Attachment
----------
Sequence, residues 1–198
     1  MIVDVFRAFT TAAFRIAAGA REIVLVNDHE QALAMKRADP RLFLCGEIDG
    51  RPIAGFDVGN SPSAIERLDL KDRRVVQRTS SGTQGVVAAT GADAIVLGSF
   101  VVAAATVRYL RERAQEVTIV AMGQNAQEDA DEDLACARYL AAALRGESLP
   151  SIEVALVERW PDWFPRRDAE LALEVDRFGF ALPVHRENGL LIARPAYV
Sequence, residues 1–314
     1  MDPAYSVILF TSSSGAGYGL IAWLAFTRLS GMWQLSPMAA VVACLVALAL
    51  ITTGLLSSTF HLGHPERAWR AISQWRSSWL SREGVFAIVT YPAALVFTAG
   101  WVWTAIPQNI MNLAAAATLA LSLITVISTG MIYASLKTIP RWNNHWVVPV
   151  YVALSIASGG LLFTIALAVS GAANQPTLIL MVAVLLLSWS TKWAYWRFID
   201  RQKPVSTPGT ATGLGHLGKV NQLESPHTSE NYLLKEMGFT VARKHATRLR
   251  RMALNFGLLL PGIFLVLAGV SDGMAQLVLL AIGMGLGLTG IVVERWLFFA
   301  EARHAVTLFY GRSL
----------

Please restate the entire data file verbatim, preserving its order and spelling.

Sequence, residues 1–198
     1  MIVDVFRAFT TAAFRIAAGA REIVLVNDHE QALAMKRADP RLFLCGEIDG
    51  RPIAGFDVGN SPSAIERLDL KDRRVVQRTS SGTQGVVAAT GADAIVLGSF
   101  VVAAATVRYL RERAQEVTIV AMGQNAQEDA DEDLACARYL AAALRGESLP
   151  SIEVALVERW PDWFPRRDAE LALEVDRFGF ALPVHRENGL LIARPAYV
Sequence, residues 1–314
     1  MDPAYSVILF TSSSGAGYGL IAWLAFTRLS GMWQLSPMAA VVACLVALAL
    51  ITTGLLSSTF HLGHPERAWR AISQWRSSWL SREGVFAIVT YPAALVFTAG
   101  WVWTAIPQNI MNLAAAATLA LSLITVISTG MIYASLKTIP RWNNHWVVPV
   151  YVALSIASGG LLFTIALAVS GAANQPTLIL MVAVLLLSWS TKWAYWRFID
   201  RQKPVSTPGT ATGLGHLGKV NQLESPHTSE NYLLKEMGFT VARKHATRLR
   251  RMALNFGLLL PGIFLVLAGV SDGMAQLVLL AIGMGLGLTG IVVERWLFFA
   301  EARHAVTLFY GRSL